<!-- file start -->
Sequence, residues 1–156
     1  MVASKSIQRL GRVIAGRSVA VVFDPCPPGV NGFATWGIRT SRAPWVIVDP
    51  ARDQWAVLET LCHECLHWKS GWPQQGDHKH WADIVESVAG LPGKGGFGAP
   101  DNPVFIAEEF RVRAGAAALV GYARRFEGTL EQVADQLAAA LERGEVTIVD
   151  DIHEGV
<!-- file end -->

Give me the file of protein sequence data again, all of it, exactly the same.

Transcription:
Sequence, residues 1–156
     1  MVASKSIQRL GRVIAGRSVA VVFDPCPPGV NGFATWGIRT SRAPWVIVDP
    51  ARDQWAVLET LCHECLHWKS GWPQQGDHKH WADIVESVAG LPGKGGFGAP
   101  DNPVFIAEEF RVRAGAAALV GYARRFEGTL EQVADQLAAA LERGEVTIVD
   151  DIHEGV